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January 24, 2022

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Skorkowsky woos business community with talk of greater transparency, educational gains


CCSD Superintendant Pat Skorkowsky addresses the crowd, including Station Casinos executives, staff and partner schools principals during the CCSD Smart Start School Partners’ Breakfast at Green Valley Ranch Resort on Friday, Oct. 4, 2013.

Superintendent Pat Skorkowsky urged local business leaders today to partner with him to create a new vision for the Clark County School District.

In his first major speech to business leaders, Skorkowsky called for more business and community engagement to transform education — and the economy — in Las Vegas.

Last year, more than 60 businesses relocated to Southern Nevada, infusing 2,600 new jobs and $1.5 billion into the local economy, according to the Las Vegas Global Economic Alliance, an economic development organization with more than 300 members.

However, Southern Nevada has historically struggled to attract businesses to the region, primarily because of its lackluster education system, officials said. Despite some improvements in recent years, the Silver State has some of the lowest test scores and graduation rates in the country.

Addressing a crowd of 400 business, community and political leaders, Skorkowsky vowed change but warned “we are not going to turn this ship around overnight.”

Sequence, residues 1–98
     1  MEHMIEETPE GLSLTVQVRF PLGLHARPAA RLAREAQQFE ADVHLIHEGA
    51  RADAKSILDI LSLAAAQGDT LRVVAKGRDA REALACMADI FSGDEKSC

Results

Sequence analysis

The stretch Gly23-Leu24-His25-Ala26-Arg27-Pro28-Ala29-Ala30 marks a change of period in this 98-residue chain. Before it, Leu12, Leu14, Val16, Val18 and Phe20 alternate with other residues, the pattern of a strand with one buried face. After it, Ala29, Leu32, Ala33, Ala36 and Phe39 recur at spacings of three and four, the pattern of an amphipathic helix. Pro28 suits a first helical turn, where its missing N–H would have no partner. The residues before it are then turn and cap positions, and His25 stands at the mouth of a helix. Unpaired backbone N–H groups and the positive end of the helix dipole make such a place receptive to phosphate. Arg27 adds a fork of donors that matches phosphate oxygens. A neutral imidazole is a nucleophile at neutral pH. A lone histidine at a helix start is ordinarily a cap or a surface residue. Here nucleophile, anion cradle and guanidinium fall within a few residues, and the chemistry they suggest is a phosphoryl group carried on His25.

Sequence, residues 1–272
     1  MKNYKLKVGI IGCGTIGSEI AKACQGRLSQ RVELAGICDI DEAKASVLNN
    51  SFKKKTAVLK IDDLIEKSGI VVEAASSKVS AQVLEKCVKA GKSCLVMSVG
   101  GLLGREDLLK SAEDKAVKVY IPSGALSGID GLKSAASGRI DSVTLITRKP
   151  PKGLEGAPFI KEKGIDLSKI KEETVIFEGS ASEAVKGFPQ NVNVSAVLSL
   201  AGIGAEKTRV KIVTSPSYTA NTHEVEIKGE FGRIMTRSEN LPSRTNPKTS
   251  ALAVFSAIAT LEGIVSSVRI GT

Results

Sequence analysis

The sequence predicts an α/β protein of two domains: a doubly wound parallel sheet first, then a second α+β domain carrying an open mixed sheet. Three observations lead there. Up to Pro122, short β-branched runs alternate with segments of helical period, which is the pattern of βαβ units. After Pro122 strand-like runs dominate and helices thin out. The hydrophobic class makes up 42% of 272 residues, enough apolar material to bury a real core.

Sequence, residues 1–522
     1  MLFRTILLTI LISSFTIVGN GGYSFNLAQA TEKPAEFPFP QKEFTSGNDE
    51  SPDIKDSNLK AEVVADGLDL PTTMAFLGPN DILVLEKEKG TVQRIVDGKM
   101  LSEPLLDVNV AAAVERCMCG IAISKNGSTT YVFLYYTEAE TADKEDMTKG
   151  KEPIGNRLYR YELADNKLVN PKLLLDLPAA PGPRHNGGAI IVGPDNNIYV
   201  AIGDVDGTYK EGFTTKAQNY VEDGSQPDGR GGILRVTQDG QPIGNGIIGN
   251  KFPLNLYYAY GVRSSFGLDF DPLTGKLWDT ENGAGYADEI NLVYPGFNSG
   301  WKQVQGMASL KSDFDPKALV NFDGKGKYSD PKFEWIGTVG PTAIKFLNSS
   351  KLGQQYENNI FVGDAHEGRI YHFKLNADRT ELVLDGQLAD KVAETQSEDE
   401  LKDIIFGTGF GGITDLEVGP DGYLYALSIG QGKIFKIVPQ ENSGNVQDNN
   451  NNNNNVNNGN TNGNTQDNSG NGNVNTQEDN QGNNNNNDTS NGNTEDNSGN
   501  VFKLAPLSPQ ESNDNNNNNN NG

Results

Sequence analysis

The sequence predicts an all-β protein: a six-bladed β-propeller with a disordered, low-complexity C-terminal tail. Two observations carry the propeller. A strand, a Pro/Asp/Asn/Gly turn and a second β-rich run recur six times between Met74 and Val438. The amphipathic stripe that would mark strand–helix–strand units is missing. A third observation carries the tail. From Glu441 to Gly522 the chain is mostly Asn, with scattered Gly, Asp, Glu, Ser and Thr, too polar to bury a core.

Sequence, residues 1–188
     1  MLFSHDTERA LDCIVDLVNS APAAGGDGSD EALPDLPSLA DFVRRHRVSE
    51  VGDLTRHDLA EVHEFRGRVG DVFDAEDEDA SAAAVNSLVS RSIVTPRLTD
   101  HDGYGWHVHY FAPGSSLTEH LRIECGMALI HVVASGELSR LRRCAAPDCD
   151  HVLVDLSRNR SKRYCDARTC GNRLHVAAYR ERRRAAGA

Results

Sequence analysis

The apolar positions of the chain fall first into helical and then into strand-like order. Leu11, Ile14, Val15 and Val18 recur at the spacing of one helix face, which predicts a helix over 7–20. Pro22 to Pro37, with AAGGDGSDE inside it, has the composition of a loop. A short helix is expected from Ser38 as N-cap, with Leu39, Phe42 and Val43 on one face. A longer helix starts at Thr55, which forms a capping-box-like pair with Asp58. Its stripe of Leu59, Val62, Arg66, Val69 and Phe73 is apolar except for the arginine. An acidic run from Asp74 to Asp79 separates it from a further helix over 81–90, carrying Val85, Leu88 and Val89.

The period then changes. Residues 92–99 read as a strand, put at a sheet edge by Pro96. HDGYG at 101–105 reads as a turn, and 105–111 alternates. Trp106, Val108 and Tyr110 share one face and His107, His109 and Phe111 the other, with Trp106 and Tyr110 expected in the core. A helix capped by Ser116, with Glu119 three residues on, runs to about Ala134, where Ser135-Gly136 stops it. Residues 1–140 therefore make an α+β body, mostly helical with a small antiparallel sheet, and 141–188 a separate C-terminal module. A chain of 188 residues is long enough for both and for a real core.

“I’m doing my part to increase these (education) rankings,” Skorkowsky said. “I’m committed to our children and I’m committed to our community.”

Skorkowsky outlined the district’s successes, challenges and goals during his hourlong speech, which took place at the Four Seasons hotel on the Las Vegas Strip — the city’s economic hub.

The superintendent touted the district’s improved graduation rate, which jumped nearly 10 percentage points to 71.5 percent last year. The School District graduated 900 more students in the class of 2013 than the previous class.

Because a high school graduate in Nevada earns $6,237 more than a high school dropout, the 900 graduates will earn an additional $5.6 million each year, Skorkowsky said.

“That’s economic growth,” Skorkowsky said. “That will make a difference in our economy.”

While national rankings still peg Nevada toward the bottom of the nation for education, Skorkowsky said students in Las Vegas are making great strides in their test scores. Nevada eighth-graders posted the third-highest gains in reading scores in the nation, Skorkowsky said.

“We’re not at the national average yet, but we’re growing,” Skorkowsky said. “We’re making some positive gains in Nevada.”

The School District faces significant challenges that threaten to derail its upward trajectory, Skorkowsky said.

The district is struggling to address its student enrollment growth with rapidly depleting funds for school renovations and construction. Although the district’s official count this year is 314,643 students, it's now closer to a record-breaking 316,000 students, Skorkowsky said.

In January, the district enrolled 900 new elementary school students, who collectively could fill up another elementary school building, Skorkowsky said. Without additional capital money, the district may be forced to tap into its general fund for school operations to fix outdated heating and cooling systems, he said.

Clark County students also face many hurdles in their path toward graduation, Skorkowsky said. More than half of students receive free and reduced-price lunches from the federal government, and a growing number of students struggle to overcome language barriers.